Editor's Note: What follows is a unique discussion of big versus small and full-size versus compact, as they relate specifically to the new Ford FX4 Off-road 4x4 option packages. Although only one manufacturer is represented here, we think the main points can be generalized to other makers. Our hope is that this will help decide what options you need as well as what truck.

One of the most popular ways to catch the buyer's eye in this age of adventure is an off-road package, replete with oversize decals, implying anyone can walk into a dealership to play Bigfoot, Camel Trophy, or Baja winner.

The advantages of factory off-road packages are numerous. First, most people short of a mechanically advanced parts guru couldn't add the same parts to a truck for the same money. Second, the systems are tuned to the trucks by the truck designers, so there are no universal parts that don't fit, and the speedometer--and everything it signals, such as ABS and cruise control--is calibrated for the tires and gears. Third, since everything comes with the truck, it's included in purchase financing and warranty (except tires). Last, in most cases the off-road package makes the best-riding truck and, apart from tires biased more toward dirt, the best handling as well.

The F-150 FX4 group is available on XLT and Lariat models and includes 265/70-17 Wrangler ATs on five-spoke alloy wheels, three skidplates, 3.55:1 gears, and Rancho shock absorbers. Cosmetic upgrades include custom-color accents, decals, and different wheel lip, bumper, and valance trim. The window sticker for our F-150 lists the tires ($300) and FX4 group ($620) separately.

The Ranger FX4 is more involved and has a separate order code instead of an option package. It costs roughly $2700 more than a plain SuperCab XLT 4WD 4.0L, but it comes with plenty of good stuff: power windows/locks/mirrors, cruise, tilt wheel, dual-media CD player, foglamps, Alcoa forged-aluminum wheels, and BFGoodrich T/AKO tires (only four of each), 4.10:1 gears, skid-plates, Bilstein shocks, Torsen limited-slip, model-specific seats and trim, and thick rubber floormats.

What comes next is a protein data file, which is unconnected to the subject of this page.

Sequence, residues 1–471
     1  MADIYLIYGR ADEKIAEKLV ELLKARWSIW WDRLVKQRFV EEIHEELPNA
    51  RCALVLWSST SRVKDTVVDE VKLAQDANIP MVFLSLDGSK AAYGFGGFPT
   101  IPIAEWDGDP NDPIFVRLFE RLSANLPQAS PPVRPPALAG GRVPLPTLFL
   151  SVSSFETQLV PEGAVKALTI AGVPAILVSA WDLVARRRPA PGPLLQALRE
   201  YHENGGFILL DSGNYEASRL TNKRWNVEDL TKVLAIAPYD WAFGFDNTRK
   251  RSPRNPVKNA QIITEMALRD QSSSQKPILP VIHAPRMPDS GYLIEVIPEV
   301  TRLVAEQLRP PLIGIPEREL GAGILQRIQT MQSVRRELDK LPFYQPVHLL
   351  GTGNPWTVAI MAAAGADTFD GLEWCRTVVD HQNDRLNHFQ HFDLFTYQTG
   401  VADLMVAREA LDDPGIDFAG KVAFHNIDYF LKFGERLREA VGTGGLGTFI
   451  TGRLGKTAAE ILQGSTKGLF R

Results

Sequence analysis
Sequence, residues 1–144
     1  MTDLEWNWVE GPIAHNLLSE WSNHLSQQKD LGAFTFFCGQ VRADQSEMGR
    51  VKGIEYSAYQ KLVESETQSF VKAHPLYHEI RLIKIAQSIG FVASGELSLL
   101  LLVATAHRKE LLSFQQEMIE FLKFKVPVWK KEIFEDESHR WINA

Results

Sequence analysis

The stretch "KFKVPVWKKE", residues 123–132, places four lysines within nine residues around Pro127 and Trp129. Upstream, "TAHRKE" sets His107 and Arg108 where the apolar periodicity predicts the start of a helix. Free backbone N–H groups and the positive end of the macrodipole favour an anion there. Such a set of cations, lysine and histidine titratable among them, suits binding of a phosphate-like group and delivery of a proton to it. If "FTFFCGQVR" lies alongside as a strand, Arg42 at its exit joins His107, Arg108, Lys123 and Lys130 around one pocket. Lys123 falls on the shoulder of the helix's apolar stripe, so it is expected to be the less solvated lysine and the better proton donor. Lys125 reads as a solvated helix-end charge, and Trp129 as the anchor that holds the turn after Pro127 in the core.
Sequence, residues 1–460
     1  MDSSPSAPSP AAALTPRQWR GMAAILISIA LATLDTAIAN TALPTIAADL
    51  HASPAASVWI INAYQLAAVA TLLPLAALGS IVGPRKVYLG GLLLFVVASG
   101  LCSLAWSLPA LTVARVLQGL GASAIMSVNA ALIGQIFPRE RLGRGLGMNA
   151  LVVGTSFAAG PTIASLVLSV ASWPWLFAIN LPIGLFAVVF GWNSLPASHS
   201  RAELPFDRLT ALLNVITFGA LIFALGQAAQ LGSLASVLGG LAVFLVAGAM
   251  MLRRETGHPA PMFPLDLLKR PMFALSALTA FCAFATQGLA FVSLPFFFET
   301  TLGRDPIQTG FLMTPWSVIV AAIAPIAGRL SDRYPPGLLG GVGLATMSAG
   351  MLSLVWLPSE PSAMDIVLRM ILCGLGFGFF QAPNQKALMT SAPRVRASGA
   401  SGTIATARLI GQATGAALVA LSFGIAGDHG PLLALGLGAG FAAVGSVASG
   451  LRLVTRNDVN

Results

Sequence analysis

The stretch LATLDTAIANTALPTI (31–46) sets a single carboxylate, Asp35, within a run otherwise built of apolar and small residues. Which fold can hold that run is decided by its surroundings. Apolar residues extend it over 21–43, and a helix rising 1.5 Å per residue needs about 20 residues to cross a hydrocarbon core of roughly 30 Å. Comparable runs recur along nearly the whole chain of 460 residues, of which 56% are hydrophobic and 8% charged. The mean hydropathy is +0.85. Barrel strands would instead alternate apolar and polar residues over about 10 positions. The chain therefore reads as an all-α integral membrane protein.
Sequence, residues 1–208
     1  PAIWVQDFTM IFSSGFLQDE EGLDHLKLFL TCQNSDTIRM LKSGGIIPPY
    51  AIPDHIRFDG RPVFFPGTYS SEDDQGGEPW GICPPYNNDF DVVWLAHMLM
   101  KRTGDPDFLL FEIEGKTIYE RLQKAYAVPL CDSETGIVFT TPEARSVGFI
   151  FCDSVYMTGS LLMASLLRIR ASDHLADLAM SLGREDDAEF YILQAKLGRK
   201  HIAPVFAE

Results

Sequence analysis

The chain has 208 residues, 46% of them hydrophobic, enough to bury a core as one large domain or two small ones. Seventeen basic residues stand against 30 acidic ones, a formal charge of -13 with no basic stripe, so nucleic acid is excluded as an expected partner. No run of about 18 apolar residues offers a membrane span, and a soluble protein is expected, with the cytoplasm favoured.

(Note these packages don't include driver training, and while testing we observed a brand-new ['02 model with no license plate] "Off-Road" pickup that had been rolled in the mud.) So when you mark the FX4 box on a Ford order form, does it make the truck work better? In both cases we have to reply positively, though each has strengths and weaknesses for how an off-road package may be used.

The F-150 came with a 5.4L V-8, which we found worth its $800 tab, and that included the required automatic. We prefer to choose our own gears, but there's nothing wrong with the performance of this combination, save for relatively little compression braking in First-Low. For climbing, the automatic worked better due to the multiplication in the torque converter, and our resident cynic noted you could always put it in Reverse for steep descents.

Since the 5.4L is undersquare (3.55 bore x 4.16 stroke) by more than half an inch, torque is its forte. Despite being just 85 cu in. larger than the Ranger, it has 112 lb-ft more torque, down lower in the rev band around 2300 rpm. The Ranger is oversquare (3.95 x 3.32) and makes more hp for its size, pulling right off the no-redline-ends-at-6000-rpm tachometer, but the dearth of grunt makes it feel lifeless in the upper gears. The F-150 lopes along the highway, unlocking the converter or downshifting almost imperceptibly, showing about 2100 rpm at 80 mph. The Ranger turns 3000 at the same speed, but we'd prefer to have 4.56:1 gears in the working rev range more often. Shorter gears like 4.88:1 would further improve performance, but perhaps at the cost of reliability and strength due to the small pinion.

The Ranger FX4 comes with a five-speed manual and lever-operated transfer case, but a five-speed automatic/electric-shift is an option. The automatic increases towing capacity and may aid rock climbing, but the stick works equally well everywhere else and costs less. Transfer-case shifting was butter-smooth in the Ranger, and a rotary switch in the F-150, with both using a disconnect for front drive.